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What is that
Adah. Thou has not spoken well, nor is that thought Thy own, but of the spirit who was with thee. Would I could die for them, so they might live!
Cain. Why, so say I-provided that one victim Might satiate the insatiable of life, And that our little rosy sleeper there Might never taste of death nor human sorrow, Nor hand it down to those who spring from him. Adah. How know we that some such atonement one
Adah. Alas! thou sinnest now, my Cain : thy words
Then leave me ! Adah.
Never, Though thy God left thee. Cain.
Say, what have we here? Adah. Two altars, which our brother Abel made During thine absence, whereupon to offer A sacrifice to God on thy return.
Cain. And how knew he, that I would be so ready With the burnt offerings, which he daily brings With a meek brow, whose base humility Shows more of fear than worship, as a bribe To the Creator ?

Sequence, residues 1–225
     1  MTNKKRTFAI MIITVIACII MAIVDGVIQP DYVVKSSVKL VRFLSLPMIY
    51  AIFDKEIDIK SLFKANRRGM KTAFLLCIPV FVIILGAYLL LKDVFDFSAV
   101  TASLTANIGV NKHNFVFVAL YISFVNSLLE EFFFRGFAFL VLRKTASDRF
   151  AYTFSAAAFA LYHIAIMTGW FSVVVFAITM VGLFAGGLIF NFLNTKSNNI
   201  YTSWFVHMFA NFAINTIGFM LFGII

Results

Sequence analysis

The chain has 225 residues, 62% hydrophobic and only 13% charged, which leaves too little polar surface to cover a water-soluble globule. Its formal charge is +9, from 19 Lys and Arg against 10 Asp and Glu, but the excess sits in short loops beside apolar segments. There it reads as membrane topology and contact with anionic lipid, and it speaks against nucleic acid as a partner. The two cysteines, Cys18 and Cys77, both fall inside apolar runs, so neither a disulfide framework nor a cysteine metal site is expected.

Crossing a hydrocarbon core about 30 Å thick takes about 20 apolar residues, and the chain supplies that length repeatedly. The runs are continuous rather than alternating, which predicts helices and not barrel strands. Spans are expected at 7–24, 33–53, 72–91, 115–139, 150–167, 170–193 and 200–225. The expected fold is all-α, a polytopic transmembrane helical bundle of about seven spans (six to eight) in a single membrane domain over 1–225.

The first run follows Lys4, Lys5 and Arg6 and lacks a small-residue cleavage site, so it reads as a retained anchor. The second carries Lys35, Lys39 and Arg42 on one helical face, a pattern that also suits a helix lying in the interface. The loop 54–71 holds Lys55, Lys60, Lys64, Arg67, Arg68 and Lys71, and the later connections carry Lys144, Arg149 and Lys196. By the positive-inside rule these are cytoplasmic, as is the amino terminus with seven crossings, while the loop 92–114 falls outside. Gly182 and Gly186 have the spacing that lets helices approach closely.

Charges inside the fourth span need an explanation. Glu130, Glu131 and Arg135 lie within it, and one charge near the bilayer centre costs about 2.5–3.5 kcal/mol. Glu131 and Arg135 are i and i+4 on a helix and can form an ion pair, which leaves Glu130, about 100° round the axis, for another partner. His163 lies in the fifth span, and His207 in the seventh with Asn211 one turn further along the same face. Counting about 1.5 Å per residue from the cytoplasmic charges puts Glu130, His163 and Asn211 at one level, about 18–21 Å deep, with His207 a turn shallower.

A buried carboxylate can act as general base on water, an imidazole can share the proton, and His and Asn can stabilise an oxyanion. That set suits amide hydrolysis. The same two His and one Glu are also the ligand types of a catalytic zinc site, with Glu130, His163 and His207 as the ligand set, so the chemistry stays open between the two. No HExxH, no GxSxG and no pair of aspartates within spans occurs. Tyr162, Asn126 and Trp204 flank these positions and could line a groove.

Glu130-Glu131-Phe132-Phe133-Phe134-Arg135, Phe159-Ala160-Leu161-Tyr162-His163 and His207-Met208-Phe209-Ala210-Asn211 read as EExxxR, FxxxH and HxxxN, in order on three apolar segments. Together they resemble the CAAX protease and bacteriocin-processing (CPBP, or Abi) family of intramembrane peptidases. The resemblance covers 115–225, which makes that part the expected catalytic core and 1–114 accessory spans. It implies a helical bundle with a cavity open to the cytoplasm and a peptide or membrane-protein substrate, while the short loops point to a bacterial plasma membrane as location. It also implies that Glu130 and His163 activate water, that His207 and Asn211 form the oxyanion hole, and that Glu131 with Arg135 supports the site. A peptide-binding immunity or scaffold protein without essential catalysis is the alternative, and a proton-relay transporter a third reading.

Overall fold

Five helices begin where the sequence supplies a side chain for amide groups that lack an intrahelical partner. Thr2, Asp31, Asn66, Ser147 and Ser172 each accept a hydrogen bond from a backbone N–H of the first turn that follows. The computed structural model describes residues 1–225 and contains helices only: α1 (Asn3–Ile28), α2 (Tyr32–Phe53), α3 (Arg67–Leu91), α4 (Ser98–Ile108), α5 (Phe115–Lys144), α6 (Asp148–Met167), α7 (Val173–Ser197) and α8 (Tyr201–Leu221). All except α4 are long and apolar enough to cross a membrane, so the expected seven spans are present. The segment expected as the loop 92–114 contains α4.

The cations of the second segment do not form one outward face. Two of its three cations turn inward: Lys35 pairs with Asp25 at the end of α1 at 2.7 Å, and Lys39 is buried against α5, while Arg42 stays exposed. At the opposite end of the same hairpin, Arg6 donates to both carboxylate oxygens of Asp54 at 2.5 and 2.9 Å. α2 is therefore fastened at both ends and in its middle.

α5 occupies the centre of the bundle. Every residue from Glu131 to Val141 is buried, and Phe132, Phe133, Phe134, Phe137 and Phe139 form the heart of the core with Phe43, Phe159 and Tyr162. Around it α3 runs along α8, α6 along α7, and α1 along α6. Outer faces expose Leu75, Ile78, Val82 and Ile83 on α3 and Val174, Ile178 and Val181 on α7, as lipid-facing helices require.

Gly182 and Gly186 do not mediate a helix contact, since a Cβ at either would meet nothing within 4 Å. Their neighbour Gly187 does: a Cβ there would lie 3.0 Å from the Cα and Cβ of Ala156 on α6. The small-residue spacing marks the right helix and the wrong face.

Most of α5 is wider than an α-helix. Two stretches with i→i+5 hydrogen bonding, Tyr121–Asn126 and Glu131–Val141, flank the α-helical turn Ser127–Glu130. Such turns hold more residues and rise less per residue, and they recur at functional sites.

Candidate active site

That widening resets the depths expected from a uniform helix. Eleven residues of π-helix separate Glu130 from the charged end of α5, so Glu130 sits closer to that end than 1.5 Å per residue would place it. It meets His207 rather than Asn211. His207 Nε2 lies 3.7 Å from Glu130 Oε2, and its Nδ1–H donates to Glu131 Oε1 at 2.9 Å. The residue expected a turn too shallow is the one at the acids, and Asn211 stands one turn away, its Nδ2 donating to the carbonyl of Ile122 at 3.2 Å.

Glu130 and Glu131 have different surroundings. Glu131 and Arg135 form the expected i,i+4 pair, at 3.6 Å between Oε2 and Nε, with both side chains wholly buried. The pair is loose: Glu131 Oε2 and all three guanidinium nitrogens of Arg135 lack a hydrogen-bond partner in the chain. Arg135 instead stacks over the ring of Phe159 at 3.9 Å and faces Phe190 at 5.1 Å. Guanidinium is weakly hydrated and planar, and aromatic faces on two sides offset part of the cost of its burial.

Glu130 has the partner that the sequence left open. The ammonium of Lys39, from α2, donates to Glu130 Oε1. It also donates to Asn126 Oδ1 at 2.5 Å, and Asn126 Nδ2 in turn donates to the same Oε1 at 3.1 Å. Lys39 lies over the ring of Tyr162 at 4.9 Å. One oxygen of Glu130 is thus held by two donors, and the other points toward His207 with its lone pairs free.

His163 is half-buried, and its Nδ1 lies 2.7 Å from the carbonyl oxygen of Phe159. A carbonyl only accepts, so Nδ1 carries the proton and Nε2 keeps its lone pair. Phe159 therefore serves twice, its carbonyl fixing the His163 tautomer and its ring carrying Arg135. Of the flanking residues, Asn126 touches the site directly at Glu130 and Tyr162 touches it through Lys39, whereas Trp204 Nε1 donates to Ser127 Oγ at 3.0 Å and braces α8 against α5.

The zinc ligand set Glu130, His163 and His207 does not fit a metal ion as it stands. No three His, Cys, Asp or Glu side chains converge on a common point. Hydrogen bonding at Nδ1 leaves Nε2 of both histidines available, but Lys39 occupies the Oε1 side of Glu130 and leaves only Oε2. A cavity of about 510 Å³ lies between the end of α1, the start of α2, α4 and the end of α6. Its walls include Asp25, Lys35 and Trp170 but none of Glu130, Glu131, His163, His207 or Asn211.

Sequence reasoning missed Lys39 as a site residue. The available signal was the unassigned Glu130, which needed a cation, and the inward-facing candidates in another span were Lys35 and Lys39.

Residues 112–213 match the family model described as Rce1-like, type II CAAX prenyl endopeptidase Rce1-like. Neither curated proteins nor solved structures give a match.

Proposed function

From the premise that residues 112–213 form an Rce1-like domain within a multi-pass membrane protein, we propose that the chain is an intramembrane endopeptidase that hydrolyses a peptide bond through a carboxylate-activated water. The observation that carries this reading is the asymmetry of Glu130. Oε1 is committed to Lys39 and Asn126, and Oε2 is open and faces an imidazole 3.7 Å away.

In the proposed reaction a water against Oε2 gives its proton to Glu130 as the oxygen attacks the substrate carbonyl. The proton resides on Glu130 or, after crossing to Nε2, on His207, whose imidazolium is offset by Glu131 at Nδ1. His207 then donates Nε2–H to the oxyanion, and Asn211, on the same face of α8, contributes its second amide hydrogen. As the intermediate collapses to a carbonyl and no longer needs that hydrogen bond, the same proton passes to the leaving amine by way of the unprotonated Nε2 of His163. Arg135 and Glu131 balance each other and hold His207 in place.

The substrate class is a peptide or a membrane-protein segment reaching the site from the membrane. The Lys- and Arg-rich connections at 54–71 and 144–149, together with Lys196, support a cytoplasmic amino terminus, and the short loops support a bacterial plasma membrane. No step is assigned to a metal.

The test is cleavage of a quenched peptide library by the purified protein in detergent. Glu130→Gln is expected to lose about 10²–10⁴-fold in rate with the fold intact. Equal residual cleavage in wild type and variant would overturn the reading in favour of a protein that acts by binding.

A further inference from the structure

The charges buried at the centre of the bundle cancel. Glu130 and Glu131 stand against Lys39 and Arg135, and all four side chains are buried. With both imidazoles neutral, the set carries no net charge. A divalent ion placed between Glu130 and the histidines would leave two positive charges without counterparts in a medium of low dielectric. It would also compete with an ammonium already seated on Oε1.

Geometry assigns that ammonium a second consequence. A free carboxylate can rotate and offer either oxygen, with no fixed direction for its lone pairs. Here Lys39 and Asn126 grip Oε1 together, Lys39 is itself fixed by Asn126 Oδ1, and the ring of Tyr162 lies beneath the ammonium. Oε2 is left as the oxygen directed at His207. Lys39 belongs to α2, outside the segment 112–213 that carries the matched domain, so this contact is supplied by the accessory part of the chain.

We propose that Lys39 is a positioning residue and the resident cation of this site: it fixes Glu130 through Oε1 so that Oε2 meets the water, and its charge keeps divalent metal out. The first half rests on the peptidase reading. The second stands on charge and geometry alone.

Surely, 'tis well done.
Adah. The fruits of the earth, the early, beautiful
Cain. I have toil'd, and till'd, and sweaten in the sun
God ! Touch not the child—my child ! thy child! Oh, Cain !
Cain. Fear not ! for all the stars, and all the power Which sways them, I would not accost yon infant With ruder greeting than a father's kiss.
Adah. Then, why so awful in thy speech ?
Cain. 'Twere better that he ceased to live, than give
to so much of sorrow as he must Endure, and, harder still, bequeath ; but since That saying jars you, let us only say
'Twere better that he never had been born.
Adah. Oh, do not say so ! Where were then the joys, The mother's joys of watching, nourishing, And loving him ? Soft ! he awakes. Sweet Enoch !
[She goes to the child.
Bless thee, boy!
Of that I doubt ;